Dangerous Golf could very well be the next Rocket League-like indie sensation. The creators at Three Fields Entertainment face its imminent release with a great deal of excitement, being as it’s the small indie studio’s first game.
This one-of-a-kind golf game — imagine if someone handed you a golf club inside Buckingham Palace and told you hit the ball into as many objet d’art and other breakable items in the room, with a ball that can explode — is part of the design team’s blood. It should, seeing that Three Fields is a startup with Alex Ward, a cofounder and the creative director of Criterion Games and one of the creators of Burnout, the racing series that features chaotic car crashes and more destruction that what you find at a demolition derby.
He and lead game designer Chris Roberts, another Burnout vet (the third person on the original’s team), recently visited GamesBeat to show off Dangerous Golf, which they’re targeting for an early June release. After nearly three years of development, these former triple-A (the game industry term for blockbusters) creators revealed a startup story about putting their life savings on the line, reveling in the freedom of indie development, and getting a second chance to create something they believe, and working from a studio where lush fields and the woods, not a concrete jungle, is their daily view.
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“We pooled our life savings for Three Fields,” Ward said. “We got Criterion folks and said, ‘Hi, why don’t you quit your job. We’ll pay you 60 percent less and do a game no one has ever done before … with an engine no one has ever used before, and release a game on a console none of us has ever worked on before —
“They were crazy enough to say that sounds like fun and do it.”
One wacky and crazy idea
“The pitch is: Golf is boring. Golfers are boring. Golf games for golfers are even more boring” — this statement from Ward underlies Dangerous Golf’s development. “You only see golf on TV when they play out of a tree or when they knock it out of a lake.” It’s Happy Gilmore, Caddyshack, and Tin Cup (the climax of the film, Ward notes, is Kevin Costner knocking a trick shot off a portable toilet) “blended with the Burnout experience,” Ward said. “It’s in our DNA.”
This is how Three Fields would want to play golf. The premise is simple: Hit a golf ball in a room or area with oodles of breakable stuff, see how many points you can rack up from smashing such an eclectic mix of items such as price antiques, pies, gas tanks. It’s unlike anything on the market, and it’s hilarious to watch someone play — and even more fun to give it a go. This PlayStation 4, Xbox One, and PC downloadable release should do well with the streaming scene, as players try to outdo each other for the most ridiculousness they can get onscreen (and how many points they can rack up doing so). It has co-op and multiplayer, too, making it a great party game to play on the couch.
Ward and cofounders Fiona Sperry and Paul Ross pooled their life savings, and the families of other team members added some funds. Many indies encounter such risks, but many are also early in their careers. Three Fields’ team includes people with families and mortgages — putting all their money on one game is akin to betting it all on a longshot at the local horse track.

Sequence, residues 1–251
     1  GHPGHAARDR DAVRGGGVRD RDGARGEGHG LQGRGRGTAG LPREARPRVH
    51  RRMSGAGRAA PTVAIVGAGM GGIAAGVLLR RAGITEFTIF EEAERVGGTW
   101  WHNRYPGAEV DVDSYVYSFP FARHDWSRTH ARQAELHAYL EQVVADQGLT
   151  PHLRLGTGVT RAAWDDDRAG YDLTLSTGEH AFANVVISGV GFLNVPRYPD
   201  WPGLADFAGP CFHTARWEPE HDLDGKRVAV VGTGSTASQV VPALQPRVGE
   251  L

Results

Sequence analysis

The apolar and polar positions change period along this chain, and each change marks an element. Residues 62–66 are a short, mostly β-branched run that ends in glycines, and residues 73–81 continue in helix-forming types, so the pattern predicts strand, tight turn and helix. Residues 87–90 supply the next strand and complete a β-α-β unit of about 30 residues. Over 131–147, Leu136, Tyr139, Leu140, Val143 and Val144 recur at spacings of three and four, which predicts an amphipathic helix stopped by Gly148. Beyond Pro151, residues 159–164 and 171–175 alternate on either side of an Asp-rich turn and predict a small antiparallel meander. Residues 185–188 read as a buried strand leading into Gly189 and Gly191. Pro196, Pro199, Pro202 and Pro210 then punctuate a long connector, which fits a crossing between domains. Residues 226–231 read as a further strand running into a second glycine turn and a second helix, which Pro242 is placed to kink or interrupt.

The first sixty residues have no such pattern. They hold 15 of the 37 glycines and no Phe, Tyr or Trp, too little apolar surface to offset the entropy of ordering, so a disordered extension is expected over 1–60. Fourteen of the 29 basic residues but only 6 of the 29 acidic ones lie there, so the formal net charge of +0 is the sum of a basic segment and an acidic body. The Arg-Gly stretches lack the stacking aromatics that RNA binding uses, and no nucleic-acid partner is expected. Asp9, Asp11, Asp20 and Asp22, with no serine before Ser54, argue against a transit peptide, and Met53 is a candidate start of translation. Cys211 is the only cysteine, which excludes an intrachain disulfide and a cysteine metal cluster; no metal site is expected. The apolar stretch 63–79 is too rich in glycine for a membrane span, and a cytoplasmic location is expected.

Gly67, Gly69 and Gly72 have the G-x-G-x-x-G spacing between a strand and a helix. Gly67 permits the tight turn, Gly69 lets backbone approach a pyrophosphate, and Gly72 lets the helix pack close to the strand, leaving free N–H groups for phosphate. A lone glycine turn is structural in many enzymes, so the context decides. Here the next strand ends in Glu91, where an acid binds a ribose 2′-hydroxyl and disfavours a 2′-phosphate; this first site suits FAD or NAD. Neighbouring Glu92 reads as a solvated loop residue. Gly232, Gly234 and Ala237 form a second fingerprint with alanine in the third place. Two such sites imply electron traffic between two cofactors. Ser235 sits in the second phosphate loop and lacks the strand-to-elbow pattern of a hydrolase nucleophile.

“My last paycheck was in November 2013,” Ward said. “One programmer, Phil Maguire McGuire, gave us a year for free in order so that we can start the company.”
“We believed in ourselves, and we believed in the prospects of the hardware, what we can do. We’re 11 people now. It’s an immense amount of work for 11 people to make a game for three platforms that we’ve never really worked on before.”
The rise of digital distribution and a friendly development environment played a role in the ex-Criterion mates’ decision to go indie. The major platform holders give out free dev kits for PlayStation 4 and Xbox One, and their online stores (along with Steam and other PC options) make it easier to get your game to an audience — along with skipping the expense of shipping a boxed product. Development tools are inexpensive and free in some cases — for Dangerous Golf, it’s Unreal Engine 4 — which none of them had ever used before.
All of this, Roberts notes, enables longtime devs to prevent getting sucked into the “go after the next game” model of blockbuster development. “Now is the time to branch out, to take risk.”
Ward formed Criterion Games in 2000 with Fiona Sperry — and he and Roberts had been making software together since 1999. When EA acquired the studio in 2004, Ward acknowledged things changed. “At the end of every game, we talked about if this was the time to leave,” he said.
That last game at Criterion would be the Need for Speed: Most Wanted reboot in 2012. “We decided [then] that the time was right to branch out. It’s not for the faint-of hearted, I’ll tell you that,” Ward said.
Ward said the team was used to being “on an island” while working for EA. “News would trickle to us in England,” he said. As an indie studio in the English countryside, even with the Internet, this island could feel even isolated. Three Fields doesn’t have any deals in place for Dangerous Golf (at least at the time of this publication). Sony has promoted a number of indies in the PlayStation Store, including highlighting games in its PlayStation Plus program (this was key to Rocket League’s success in August).
Three Fields has worked with Epic Games, the maker of the Unreal Engine toolkit, and graphics tech powerhouse Nvidia (set up after Ward reached out to former EA CEO John Riccitiello on Facebook, even though they’d only talked together twice in seven years) to help figure out how to best pull off the insane physics and other visual tricks needed for Dangerous Golf.